The era of manual file transfer is OVER! There are millions of ways to deploy and maintain your website now. Manual and uncontrolled transfers are inefficient and lead to mistakes. (read https://css-tricks.com/deployment/).
There are platforms that do the job for you now. Version-control, transfers, staging, tracking, etc. To name just a few: ftploy.com, deployhq.com, atlassian.com, pagodabox.io. There are also Terminal-based solutions such as Capistrano.
In any case, you need version-control. It is NECESSARY and whoever isn’t using version-control is heading to a disaster. GIT is the way to go. In this article I’ll explain how to continue using GIT and add another tool to deploy your website through FTP with one simple command: git-ftp push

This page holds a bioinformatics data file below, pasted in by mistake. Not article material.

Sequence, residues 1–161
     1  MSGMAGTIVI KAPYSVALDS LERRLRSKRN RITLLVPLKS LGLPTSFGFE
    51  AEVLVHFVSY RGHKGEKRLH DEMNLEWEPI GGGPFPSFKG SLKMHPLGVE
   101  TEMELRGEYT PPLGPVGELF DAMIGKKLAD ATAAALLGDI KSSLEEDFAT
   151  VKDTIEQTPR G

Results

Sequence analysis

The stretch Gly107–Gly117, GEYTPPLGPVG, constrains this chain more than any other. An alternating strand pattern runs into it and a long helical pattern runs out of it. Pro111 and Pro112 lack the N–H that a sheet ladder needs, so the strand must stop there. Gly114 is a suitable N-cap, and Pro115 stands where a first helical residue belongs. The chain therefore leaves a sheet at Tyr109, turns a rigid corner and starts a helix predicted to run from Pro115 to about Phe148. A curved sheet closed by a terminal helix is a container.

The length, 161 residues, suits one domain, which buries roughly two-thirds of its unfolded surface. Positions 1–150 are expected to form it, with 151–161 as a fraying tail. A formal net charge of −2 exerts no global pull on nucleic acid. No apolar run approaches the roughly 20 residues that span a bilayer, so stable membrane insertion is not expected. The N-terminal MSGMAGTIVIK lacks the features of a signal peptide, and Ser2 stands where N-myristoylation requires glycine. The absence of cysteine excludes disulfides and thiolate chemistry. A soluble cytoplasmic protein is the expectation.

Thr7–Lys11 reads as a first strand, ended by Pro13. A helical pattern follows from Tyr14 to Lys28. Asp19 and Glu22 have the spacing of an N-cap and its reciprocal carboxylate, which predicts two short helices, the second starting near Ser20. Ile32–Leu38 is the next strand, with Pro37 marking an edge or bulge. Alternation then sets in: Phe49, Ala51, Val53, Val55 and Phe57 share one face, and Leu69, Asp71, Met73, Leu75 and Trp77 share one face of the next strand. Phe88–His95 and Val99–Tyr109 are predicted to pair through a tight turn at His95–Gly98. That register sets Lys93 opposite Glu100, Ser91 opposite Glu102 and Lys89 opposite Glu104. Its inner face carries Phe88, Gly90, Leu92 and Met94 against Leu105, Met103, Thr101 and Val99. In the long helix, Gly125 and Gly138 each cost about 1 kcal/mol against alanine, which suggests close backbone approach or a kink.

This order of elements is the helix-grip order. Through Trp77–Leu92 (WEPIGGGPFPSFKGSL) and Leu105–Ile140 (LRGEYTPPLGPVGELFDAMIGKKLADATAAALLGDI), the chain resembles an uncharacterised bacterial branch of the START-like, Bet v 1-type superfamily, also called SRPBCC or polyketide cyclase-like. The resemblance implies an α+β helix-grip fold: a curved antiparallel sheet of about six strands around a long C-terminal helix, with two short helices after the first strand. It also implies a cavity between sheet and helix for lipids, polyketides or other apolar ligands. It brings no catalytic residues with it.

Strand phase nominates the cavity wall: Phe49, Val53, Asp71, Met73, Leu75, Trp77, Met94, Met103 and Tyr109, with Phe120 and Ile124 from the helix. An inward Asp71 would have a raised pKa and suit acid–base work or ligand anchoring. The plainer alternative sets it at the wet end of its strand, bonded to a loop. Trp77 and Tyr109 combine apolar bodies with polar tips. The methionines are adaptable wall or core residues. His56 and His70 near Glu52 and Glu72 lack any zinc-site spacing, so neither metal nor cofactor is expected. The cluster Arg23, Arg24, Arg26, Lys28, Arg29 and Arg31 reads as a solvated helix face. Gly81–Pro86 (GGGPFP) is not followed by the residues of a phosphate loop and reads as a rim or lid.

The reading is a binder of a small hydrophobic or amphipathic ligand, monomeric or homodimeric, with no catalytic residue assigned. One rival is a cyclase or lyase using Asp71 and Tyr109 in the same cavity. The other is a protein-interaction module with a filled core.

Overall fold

Welcome to git-ftp
Here is how to set it up.
- Enter your project directory
- Initialise your git repo
- Add project files to git repo
git add –all
- Make your first commit
git commit -m “Initial commit”
- Install git-ftp on Mac OSX
- Place a shell script into your project folder named “gitftp.sh” and containing the following lines. Don’t forget to replace <> with your values. (If you’re concerned with security issues and storing passwords in clear, just add the -p option to your git-push in order to be prompted for your password):
git config git-ftp.url <URL/path_to_folder>
git config git-ftp.user <username>
git config git-ftp.password <password>
- Make script executable and execute it:
chmod +x gitftp.sh
- Create a “.gitignore” file.
Add these lines in it:
- Initialize git-ftp
If files are already on server: git ftp catchup
Or if you want all files to be uploaded to the server for the first time: git ftp init
- FTP push is the bomb! It will only upload to your FTP server the files that have been modified in your GIT repo.
Beautiful isn’t it?